How Do Flamingos Sit Down?

Do Flamingos Sit Down?
Photo by KendalSwart/

The one-legged stance is one of the main things flamingos are known for. This unique characteristic is indelible to the animal. It makes no sense to us humans, who find supporting ourselves with one stem to be tiring, not efficient. We would rather drop down on a chair or couch to rest our legs. This got me thinking: do flamingos sit down, and if so, how?

The answer is, yes, flamingos do sit down, but it doesn't look much like when you or I do it. That’s because - and you should sit down before reading this - human and flamingo anatomies differ. 

Flamingos Sit Backwards (According to Us)

From our vantage point as humans, how flamingos sit down appears to be backwards and potentially painful. To relax its weary legs, the bird will bend at its ankles - which looks like its knees to the untrained human eye - with the top of its legs straight and its body perched above. Imagine if you were to kneel down, but your knees bent forwards rather than backwards. That is effectively how flamingos sit. 

It's a strange sight to see. To sit down, a flamingo will slowly lean backwards, letting gravity pull its butt to the ground. It will then plop down onto the earth, resting on a 90-degree angle and removing the burden from its legs and feet. 

You can now stop envisioning your knees bending the wrong direction. No ACLs were harmed in the making of this article. Keep doing what you’ve been doing. Don’t let flamingos fool you into doing something drastic. 

The Anatomy of Flamingo Sitting 

As alluded to earlier, humans and flamingos have quite different structures. Human phalanges are small relative to the rest of our bodies. You may know them as your toes. Flamingos and other species of birds, like the emu, have bigger phalanges relative to their bodies. You may think of them as their feet. Human tarsals and metatarsals make up the rest of our feet, but for flamingos, their tarsals and metatarsals are what you might think of as their calves. Perhaps you can already see the dichotomy.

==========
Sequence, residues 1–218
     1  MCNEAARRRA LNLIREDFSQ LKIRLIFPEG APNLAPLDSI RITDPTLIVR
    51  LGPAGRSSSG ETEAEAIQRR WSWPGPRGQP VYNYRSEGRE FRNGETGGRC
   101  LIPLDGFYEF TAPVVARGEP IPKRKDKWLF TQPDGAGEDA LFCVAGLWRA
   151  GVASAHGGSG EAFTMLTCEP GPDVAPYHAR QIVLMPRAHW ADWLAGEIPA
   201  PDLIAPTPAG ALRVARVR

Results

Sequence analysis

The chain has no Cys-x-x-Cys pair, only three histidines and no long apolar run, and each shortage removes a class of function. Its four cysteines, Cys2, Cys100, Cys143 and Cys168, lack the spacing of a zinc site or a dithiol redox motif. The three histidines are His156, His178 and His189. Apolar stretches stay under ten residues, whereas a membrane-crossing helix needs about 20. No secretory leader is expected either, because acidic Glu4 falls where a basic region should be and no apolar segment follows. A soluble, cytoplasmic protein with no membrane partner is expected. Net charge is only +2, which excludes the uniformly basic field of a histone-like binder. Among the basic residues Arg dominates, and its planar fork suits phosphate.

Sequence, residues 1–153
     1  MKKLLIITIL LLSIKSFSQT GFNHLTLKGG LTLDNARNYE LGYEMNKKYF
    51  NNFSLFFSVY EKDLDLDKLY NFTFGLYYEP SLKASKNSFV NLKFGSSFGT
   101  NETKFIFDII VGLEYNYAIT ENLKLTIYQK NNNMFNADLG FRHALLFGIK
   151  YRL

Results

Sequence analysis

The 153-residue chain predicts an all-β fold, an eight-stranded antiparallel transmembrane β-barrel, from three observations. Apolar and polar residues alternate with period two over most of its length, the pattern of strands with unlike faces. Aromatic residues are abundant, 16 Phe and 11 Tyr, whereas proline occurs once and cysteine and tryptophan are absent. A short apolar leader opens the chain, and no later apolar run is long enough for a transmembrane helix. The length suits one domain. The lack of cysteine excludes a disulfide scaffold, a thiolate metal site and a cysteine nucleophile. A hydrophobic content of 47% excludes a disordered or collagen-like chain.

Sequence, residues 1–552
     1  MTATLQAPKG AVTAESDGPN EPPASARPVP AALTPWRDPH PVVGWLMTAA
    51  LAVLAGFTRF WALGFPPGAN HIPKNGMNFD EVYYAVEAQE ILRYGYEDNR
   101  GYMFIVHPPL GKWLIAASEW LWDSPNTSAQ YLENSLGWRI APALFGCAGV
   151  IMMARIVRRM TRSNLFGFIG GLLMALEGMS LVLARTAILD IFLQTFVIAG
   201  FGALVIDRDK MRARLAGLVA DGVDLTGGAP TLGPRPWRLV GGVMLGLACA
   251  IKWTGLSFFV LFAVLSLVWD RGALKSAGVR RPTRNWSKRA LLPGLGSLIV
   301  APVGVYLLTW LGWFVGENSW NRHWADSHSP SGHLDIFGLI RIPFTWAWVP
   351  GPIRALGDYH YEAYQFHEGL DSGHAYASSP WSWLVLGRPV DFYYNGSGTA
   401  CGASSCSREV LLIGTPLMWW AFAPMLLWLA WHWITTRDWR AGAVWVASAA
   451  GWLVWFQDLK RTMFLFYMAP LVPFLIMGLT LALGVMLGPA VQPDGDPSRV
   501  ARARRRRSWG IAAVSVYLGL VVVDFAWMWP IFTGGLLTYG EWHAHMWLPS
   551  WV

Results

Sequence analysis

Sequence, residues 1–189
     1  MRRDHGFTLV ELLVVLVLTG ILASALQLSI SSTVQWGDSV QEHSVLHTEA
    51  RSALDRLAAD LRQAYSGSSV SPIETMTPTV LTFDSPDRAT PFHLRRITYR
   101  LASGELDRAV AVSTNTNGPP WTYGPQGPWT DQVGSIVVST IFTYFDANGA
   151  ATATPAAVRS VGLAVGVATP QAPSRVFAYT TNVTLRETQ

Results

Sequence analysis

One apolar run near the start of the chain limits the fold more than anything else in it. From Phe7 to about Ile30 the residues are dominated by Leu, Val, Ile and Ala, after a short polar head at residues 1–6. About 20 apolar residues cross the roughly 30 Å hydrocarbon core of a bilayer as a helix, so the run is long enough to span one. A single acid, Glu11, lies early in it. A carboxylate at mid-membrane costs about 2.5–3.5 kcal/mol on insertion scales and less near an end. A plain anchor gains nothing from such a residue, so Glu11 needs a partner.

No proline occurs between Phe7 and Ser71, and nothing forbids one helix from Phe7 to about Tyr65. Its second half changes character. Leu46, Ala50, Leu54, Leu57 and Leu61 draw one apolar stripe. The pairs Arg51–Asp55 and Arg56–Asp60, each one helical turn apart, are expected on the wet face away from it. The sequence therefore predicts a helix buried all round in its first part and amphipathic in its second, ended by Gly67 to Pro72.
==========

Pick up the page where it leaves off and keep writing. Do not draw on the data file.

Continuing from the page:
This is why when a flamingo sits down, it is sitting on its ankles. The joint the bird rests on is attached to its tibia and other tarsals. That is the equivalent of where our feet end and our legs begin. What would be considered a flamingo’s knee is much higher up in the leg and generally hidden under feathers. 

So, Do Flamingos Truly Sit Down?

Technically, when flamingos plop down like this, they are in the same position we are when we are standing up. When flamingos are upright, they are propped up on their toes, at least from the human perspective. So, if flamingos “sit” on their ankles, do they truly sit down at all?

I would say yes. They might not sit the same as us or other animals, but is sitting more about anatomy or the purpose it serves? When a flamingo leans back and lets its phalanges have a break, its goal is the same as when we zero in on a comfortable couch or chair to take a load off of our feet. Even if the mechanics don’t perfectly align, the same intent is clearly there. 

Baby Flamingo Sitting
Photo by Ondrej_Novotny_92/

Maybe that’s not enough for you, and you have an argument. If you are a stickler for by-the-book definitions, then flamingos don’t sit. But if you are willing to broaden your horizons and view the act of relaxation in a more abstract way, then you may come to find that flamingos have been sitting this whole time.